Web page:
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Making it to an in-person audition for “Jeopardy!” isn’t so much a personal accomplishment, the result of some combination of luck and smarts to pass a seasonal online test, but an opportunity. When you sit in that Culver City, Calif. hotel meeting room near Sony Pictures Television studio with other jittery hopefuls and take the 50-question test, when you click, click, click the simulator buzzers with fervor as you earnestly respond to the casting coordinators’ query about what you would do with your winnings, you know you are not just competing to be a part of a legendary trivia institution but for a chance to meet the man synonymous with “Jeopardy!” itself, Alex Trebek.

Now, that possibility is sadly no more. Trebek’s passing on Sunday at 80 from pancreatic cancer, as so many “Jeopardy!” fans will tell you, is akin to losing a family member. As comedian Hari Kondabolu tweeted, “Alex Trebek was a member of everyone’s family & his loss cuts across generations. RIP Uncle.”

Indeed, for so many of us, Trebek was that smart, perpetually bemused relative who over the years would spend countless evenings in your family’s living room, quizzing you on the most far-flung subjects in the most circuitous of ways, cheering when you got the answer right and taking good-natured jabs when you mangled a response or went on too long about your oddball hobbies. He embodied an impossible balance of being warm but also drily funny, respectful but at times silly, and once in a while completely, hilariously savage on stage. Moreover, Trebek was keenly self-aware of his stature as a pop culture icon while never marinating in the spotlight — despite having every right to do so after 37 years at the helm of the world’s most iconic trivia show.

“Part of what made him so good is that he really did walk the walk,” says Claire McNear, author of “Answers in the Form of Questions: A Definitive History and Insider’s Guide to Jeopardy!”, which will be released on Nov. 10. “He really did think that knowing all these obscure facts was important and just enjoyable. He really was the kind of funny, sharp, self-deprecating person that he seemed when he was behind the lectern each night.”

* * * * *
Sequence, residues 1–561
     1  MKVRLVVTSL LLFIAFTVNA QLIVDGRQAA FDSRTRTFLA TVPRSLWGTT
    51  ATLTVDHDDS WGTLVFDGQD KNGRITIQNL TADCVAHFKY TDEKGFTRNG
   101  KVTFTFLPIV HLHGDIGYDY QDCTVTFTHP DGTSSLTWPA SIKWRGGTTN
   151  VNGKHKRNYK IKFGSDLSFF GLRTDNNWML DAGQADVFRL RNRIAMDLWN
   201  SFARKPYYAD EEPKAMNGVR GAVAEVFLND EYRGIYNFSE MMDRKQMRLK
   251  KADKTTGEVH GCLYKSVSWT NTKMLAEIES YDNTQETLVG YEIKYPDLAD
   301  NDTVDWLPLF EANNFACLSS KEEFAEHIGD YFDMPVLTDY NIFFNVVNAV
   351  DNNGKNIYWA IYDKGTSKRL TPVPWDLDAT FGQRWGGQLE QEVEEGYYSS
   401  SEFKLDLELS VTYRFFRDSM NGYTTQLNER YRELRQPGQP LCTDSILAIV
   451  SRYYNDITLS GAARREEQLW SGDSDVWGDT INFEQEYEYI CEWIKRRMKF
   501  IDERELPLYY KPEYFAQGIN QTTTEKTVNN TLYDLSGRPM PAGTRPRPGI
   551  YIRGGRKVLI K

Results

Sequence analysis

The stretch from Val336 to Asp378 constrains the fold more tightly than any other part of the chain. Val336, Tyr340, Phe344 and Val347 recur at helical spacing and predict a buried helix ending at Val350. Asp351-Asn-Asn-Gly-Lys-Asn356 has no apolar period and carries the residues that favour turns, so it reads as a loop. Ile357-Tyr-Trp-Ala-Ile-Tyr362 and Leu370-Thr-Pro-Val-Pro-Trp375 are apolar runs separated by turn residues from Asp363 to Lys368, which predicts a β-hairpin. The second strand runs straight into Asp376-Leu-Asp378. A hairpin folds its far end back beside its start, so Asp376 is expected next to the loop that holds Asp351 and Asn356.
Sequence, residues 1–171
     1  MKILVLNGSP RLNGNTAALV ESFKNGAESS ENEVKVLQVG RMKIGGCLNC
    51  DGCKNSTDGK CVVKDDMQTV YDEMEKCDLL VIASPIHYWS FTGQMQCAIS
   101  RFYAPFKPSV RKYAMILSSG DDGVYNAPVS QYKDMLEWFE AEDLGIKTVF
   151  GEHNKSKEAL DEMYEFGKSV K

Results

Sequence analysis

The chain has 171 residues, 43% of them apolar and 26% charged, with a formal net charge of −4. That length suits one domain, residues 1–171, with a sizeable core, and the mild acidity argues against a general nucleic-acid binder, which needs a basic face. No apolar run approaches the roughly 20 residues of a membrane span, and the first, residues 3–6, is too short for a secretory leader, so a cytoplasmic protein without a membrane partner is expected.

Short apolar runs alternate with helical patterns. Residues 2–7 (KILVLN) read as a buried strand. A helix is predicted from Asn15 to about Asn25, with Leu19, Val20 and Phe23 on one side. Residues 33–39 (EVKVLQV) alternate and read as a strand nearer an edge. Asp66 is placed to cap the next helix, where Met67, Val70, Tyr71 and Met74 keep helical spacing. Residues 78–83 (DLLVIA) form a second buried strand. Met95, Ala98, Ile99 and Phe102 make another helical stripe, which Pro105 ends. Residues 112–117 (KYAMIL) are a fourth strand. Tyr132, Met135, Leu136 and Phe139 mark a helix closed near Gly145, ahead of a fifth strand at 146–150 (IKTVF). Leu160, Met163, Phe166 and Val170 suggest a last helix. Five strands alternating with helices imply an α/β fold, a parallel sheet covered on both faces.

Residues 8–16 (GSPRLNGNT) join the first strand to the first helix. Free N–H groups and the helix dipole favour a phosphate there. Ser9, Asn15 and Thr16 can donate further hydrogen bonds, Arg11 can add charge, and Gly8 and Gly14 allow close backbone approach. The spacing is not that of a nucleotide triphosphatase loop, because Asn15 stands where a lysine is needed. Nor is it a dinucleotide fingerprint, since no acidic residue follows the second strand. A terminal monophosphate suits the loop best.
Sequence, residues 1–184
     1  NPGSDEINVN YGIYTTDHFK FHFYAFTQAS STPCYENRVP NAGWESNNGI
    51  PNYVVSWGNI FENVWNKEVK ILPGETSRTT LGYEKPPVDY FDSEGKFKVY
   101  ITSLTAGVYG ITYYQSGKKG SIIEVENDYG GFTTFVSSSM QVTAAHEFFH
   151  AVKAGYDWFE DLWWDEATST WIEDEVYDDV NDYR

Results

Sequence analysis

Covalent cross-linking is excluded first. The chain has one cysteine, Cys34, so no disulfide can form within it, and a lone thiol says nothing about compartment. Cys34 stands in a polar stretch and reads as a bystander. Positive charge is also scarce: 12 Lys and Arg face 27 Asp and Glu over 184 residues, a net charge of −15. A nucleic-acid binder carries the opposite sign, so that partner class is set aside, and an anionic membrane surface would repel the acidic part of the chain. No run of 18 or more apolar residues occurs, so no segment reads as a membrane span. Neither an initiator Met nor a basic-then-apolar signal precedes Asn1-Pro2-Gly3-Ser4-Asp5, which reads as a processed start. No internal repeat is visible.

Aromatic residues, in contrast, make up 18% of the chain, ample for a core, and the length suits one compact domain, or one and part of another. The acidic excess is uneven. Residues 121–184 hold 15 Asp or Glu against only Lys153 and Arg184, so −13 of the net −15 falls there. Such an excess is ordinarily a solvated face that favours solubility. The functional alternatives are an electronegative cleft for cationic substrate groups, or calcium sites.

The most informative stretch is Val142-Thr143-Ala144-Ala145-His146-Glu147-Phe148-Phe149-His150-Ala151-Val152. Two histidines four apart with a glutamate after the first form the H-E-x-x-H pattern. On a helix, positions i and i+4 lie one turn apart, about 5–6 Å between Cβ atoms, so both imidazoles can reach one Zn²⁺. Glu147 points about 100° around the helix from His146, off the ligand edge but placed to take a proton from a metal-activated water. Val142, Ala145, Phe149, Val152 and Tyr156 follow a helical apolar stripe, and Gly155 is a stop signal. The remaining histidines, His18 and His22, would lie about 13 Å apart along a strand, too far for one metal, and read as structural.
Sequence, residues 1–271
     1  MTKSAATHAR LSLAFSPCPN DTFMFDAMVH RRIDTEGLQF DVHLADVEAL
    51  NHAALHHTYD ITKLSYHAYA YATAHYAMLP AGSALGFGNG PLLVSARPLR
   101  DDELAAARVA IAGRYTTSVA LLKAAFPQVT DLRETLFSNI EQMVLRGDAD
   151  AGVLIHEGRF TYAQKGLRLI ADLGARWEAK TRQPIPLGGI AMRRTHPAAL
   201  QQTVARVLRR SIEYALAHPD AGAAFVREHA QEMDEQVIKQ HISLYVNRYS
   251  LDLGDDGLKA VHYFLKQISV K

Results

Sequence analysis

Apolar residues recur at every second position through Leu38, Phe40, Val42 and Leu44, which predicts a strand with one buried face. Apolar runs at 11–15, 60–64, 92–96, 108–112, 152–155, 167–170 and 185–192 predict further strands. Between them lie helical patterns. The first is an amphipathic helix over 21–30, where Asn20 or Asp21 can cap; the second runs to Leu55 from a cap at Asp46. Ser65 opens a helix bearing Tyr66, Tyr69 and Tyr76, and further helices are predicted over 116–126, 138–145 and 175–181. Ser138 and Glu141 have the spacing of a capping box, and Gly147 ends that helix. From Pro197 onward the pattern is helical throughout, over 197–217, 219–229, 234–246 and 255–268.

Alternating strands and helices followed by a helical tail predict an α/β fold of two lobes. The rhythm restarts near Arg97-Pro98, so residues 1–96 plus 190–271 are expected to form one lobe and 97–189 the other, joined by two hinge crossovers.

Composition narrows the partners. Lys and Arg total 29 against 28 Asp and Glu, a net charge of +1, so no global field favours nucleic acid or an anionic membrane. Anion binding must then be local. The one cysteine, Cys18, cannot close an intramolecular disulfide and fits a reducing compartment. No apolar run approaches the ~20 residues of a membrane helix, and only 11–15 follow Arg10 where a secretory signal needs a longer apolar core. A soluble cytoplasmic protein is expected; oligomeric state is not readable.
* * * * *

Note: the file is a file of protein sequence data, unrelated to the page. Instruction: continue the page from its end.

Even if, like me, you didn’t make it onto the show itself, watching a live taping of “Jeopardy!” was the next best thing. Trebek was an expert at moving the game along with scarcely a blip, essentially allowing each episode to air in its purest form without much editing. At a taping I attended at CES in Las Vegas around a decade ago, he spent downtime between each episode gamely answering audience questions. The fact that the man spent years — years! — patiently explaining to fans his facial hair choices was laudable in and of itself. (Trebek has said that he first shaved off his iconic mustache in 2001 “on a whim” before the last show of a two-day, 10-show taping streak.)

“When you were in the studio with him, you could see how much work he was actually doing,” says McNear. “It really was a lot like calling a sporting event, where it’s such a fast game — 61 clues in the game of ‘Jeopardy!’— and he really had mastered just the perfect pacing of his contestants, occasionally playing a straight man and and letting the contestants be the star, which they really were on ‘Jeopardy!’. Trebek always insisted on being introduced as the host and not the star, because he said the contestants were the stars.”

At one of his last public appearances, Trebek sat on a Television Critics Assn. press tour panel in January alongside executive producer Harry Friedman and returning champs Ken Jennings, James Holzauer and Brad Rutter to promote the “Jeopardy! Greatest of All Time” tournament. Trebek’s presence roused even the normally blasé, over-it TCA crowd of reporters and critics — who typically do not clap for anyone — to heartily applaud the game show world’s elder statesman.

When asked to reflect on the impact of his decades hosting the show, Trebek told the audience that day: “I hope I’ve been an influence for good, and an influence for the benefits of not minimizing the importance of knowledge in one’s life.”

For the millions of “Jeopardy!” fans who shout at the TV screen and pretend to buzz in from home every weeknight, Trebek’s warmth, humor and appreciation of trivia nerds everywhere have no doubt accomplished just that.